1/8 tsp nutmeg
3 eggs
1-1/3 cups grated sharp cheddar cheese
Mix the rice, egg, and cheese together. Spread evenly in a greased deep dish pie plate. This is the crust.  Do not bake.
Cook the spinach according to package directions.  Drain thoroughly. Press between white paper towels (Bounty works best) or cheesecloth layers until no more moisture can be extracted. Saute onion in olive oil. Beat cream cheese with lemon juice, mustard, pepper and nutmeg.  Add eggs, beating until combined.  Stir in the drained spinach, onions and 1 cup of the cheese until well blended.  Pour over the rice mixture.  Bake at 350 for 35-40 minutes.  Remove from oven.  Spread remaining 1/3 cup cheese over the top and bake an additional 5 minutes.  Let cool 15 minutes before cutting.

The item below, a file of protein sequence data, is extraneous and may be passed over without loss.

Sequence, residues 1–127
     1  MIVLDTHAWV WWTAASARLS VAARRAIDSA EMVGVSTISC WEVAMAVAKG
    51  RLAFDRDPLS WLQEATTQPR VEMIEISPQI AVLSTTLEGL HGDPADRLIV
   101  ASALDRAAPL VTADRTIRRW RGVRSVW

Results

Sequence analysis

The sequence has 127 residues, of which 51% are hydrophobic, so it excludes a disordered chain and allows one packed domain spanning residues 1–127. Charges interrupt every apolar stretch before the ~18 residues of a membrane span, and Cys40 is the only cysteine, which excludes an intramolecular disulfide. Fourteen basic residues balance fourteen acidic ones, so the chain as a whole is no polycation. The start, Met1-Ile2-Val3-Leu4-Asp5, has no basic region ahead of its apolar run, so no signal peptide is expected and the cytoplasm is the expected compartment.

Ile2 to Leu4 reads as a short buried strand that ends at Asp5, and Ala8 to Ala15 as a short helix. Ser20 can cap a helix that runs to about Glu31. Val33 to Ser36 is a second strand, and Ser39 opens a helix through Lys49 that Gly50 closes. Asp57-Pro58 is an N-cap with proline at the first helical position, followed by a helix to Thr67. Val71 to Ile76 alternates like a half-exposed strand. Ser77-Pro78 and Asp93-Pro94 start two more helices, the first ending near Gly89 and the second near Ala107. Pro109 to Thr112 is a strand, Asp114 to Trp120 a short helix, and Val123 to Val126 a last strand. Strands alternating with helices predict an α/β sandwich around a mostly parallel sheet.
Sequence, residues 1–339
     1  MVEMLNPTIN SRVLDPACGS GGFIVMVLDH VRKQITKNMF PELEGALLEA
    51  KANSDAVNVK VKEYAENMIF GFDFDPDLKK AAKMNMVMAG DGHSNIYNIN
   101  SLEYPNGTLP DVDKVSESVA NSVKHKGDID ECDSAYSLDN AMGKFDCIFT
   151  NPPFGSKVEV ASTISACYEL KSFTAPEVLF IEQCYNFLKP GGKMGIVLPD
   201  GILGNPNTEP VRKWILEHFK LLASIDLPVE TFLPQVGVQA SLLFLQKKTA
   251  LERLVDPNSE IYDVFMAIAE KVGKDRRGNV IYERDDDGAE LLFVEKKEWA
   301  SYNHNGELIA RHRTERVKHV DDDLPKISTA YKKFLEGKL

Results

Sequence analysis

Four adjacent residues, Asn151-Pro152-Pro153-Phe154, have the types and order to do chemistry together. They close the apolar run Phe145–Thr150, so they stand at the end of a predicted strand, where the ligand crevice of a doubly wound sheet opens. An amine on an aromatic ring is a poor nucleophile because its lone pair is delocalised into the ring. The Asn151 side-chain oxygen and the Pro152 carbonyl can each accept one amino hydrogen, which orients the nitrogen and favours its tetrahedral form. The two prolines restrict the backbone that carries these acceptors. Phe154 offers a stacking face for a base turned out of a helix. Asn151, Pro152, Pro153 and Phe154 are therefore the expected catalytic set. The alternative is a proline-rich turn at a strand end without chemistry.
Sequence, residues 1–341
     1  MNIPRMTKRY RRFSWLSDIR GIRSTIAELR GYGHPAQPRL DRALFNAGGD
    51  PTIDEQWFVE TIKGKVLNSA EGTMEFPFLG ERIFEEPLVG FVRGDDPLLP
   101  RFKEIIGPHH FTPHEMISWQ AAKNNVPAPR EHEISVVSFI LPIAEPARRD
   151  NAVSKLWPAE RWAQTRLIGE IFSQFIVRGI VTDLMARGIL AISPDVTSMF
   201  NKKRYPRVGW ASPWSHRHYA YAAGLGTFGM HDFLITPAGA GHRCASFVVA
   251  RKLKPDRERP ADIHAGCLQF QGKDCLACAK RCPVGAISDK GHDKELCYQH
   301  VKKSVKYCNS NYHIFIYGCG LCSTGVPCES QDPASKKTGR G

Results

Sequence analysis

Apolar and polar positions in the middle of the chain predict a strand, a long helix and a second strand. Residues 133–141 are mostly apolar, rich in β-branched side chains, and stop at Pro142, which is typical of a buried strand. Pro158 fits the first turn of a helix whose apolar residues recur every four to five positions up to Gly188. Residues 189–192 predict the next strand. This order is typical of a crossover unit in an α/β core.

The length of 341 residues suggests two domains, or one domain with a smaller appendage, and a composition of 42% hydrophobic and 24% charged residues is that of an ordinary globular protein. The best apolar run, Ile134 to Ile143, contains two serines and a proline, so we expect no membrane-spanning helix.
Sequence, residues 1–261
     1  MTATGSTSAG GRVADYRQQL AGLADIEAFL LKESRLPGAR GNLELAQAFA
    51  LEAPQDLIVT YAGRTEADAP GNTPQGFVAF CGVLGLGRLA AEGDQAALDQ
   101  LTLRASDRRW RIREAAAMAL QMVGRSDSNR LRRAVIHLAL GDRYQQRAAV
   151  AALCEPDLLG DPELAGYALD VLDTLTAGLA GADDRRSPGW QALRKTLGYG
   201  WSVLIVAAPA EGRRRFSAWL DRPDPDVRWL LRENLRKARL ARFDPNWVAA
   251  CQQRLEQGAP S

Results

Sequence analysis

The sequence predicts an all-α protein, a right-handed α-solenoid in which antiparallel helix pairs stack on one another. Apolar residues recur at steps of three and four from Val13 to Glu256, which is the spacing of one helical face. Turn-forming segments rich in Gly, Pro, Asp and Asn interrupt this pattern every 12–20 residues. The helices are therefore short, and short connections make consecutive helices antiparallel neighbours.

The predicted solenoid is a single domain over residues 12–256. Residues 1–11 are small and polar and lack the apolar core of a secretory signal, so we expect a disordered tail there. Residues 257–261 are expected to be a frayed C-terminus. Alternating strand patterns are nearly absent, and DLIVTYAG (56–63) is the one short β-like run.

Makes 6-8 servings.  Can be served hot or at room temperature.
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New Year’s resolutions and whats up in the winter garden

I got a new camera for Christmas.  It’s not a pricey one but it is easy to use and if I am careful can save me a thousand words (giggle).  I had a busy morning with three energetic girls that came to the farm with their mom to get started with their new year’s resolution of connecting with local food and learning to make better food choices.


I am a firm believer in getting kids out of the classroom and into the dirt.  Once they get here and get their hands on whats growing in the garden they are much more willing to try new (or old timey) foods.  Today we harvested turnips, collards, cabbage, and parsley, then looked for fresh eggs in the coop.  The girls were munching on raw collard greens and cabbage leaves for much of their visit, until the goats discovered their treat and practically mowed them over trying to get to the tasty greens.